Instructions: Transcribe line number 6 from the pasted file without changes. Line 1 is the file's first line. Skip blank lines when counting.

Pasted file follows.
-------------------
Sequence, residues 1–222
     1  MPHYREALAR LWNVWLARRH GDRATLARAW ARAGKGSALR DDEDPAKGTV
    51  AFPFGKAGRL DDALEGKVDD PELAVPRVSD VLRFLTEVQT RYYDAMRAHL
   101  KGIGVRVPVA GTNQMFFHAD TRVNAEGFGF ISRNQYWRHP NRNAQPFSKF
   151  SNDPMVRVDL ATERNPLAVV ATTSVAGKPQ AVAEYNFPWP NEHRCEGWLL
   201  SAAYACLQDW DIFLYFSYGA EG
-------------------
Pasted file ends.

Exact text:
   201  SAAYACLQDW DIFLYFSYGA EG